I think by its very nature, spoken language tends to be more error laden but I think that one needs to distinguish between the tendency to err when engaged in spoken utterances in any language and genuine mistakes which are caused by a lack of knowledge of the language. Regional variations of English also come into play with some nationalities eschewing the present perfect, preferring to use past tenses instead. On the whole, native speakers of languages tend to make fewer mistakes in their first anguage than in their second but a few non systematic errors, at least in spoken language, are considered acceptable. I have noticed a tendency for English teachers to pedantry in this area but ultimately, language is a tool for communication, not a collection of rules to be followed.

What I can tell you all--nobody is perfect in English writing including speaking much! I follow the AP style, few mistakes I notice time to time, like abc does.

He is taller than me --or it's me, common mistakes all time among natives. Interesting is I know almost all rulers of grammars, in spite of, I admit, I make mistakes though it is occasional.

However, if you tell me about conditional sentences, sorry, many times I feel appalled as many educated native/non native people almost all do wrong that makes me do wrong too or I feel most confused as well!.

What does Chomsky say here?
1 day ago

<<What I can tell you all--nobody is perfect in English writing including speaking much! I follow the AP style, few mistakes I notice time to time, like abc does.>>

Mistakes matter when they impede communication. In part of each sentence above, I can only guess at what you mean. Can you identify which parts I'm referring to and rewrite them unambiguously, Minhaj?

No quip statements are ambiguous types of meanings however, almost all ambiguous statements are generally quip statement! Now, pls. guess them only.

I admit your English is better than I have, you win.

I really dislike "I'm not understanding you" a term which northern Americans and even some English native speakers use. Grammatically speaking the term is "I don't understand you".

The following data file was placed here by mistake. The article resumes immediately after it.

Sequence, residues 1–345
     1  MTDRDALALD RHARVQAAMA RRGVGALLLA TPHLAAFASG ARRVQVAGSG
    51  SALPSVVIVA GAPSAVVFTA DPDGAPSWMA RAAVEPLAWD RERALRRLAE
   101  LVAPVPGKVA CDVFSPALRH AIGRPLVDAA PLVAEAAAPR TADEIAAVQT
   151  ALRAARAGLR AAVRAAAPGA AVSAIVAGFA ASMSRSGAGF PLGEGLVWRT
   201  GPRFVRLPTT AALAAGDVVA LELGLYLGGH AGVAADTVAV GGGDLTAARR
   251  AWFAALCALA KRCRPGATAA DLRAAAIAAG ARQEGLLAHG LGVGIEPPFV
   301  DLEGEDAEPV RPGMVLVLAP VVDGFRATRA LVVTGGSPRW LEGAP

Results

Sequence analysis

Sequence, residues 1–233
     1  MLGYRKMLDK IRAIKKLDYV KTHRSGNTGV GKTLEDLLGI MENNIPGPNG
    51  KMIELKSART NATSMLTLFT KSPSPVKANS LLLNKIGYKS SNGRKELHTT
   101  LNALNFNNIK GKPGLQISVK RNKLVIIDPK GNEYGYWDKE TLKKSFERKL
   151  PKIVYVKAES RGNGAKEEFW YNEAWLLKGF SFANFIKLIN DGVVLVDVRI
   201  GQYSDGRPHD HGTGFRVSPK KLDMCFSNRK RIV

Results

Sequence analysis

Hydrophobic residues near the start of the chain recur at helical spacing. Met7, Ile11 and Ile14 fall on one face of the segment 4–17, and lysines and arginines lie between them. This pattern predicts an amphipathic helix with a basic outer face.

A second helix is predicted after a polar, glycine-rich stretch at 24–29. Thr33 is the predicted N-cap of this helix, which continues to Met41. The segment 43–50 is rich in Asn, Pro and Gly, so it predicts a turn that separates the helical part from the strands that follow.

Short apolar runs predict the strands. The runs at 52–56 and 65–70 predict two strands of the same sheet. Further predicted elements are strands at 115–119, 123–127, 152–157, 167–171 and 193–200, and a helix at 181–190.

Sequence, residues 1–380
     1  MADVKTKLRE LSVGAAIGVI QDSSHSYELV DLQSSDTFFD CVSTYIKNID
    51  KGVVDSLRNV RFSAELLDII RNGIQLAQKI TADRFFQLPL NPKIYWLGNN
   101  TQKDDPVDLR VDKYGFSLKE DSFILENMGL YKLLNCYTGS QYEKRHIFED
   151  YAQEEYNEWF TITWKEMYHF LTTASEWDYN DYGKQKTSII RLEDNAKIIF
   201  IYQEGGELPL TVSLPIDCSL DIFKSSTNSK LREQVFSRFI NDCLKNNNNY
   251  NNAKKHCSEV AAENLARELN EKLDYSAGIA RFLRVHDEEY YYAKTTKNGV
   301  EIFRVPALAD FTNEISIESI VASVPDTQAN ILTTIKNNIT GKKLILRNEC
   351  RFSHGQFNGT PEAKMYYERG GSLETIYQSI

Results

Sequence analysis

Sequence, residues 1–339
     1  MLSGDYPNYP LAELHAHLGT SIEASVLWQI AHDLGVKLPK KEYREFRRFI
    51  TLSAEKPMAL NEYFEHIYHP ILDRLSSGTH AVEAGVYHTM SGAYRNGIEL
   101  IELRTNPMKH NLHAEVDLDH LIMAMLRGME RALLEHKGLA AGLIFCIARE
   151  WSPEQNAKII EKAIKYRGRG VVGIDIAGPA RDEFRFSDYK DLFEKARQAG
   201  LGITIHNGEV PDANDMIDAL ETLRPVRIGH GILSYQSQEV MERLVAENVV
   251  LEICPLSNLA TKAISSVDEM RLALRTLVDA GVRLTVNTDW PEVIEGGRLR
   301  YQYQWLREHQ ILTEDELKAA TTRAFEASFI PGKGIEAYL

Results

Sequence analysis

That might fit into the growing amount of "verbing" that is taking place in the English language.

"Right now I'm facebooking". - that can feel strange and incorrect. Lots of that happening and this article has a good rundown about this -

I can't also understand those who are under the veil of advantages to have "Common intentional" wills!
Peace, cheers!

Agree with Ross Gulliver....genuine mistakes which are caused by a lack of knowledge of the language.

Some of we needs to take English class's

Allen. Hehehe.

I agree with Ross Gulliver that ( Language is a tool for communication not a collection of rules to be followed ) . Thus if the receiver got the message that is all . But in formal situations like international conferences , lecture Halls , presentations , ........sticking to rules is a must .

<<I really dislike "I'm not understanding you" a term which northern Americans and even some English native speakers use. Grammatically speaking the term is "I don't understand you".>>

Is it not semantically correct? Does it not imply "I haven't understood you yet. I'm still trying to understand you so keep talking." In that case, should one not use the continuous tense. About 18 months ago, I noted how erroneous grammar books are in how they divide verb forms that can follow other verbs. I'm referring to infinitives, -ing forms, and those that can be both. Keep in mind that grammar books, like dictionaries, are descriptive. It's teachers that are the prescriptivists.

<<Some of we needs to take English class's>> ---Allen C. Turner, Ph.D., J.D.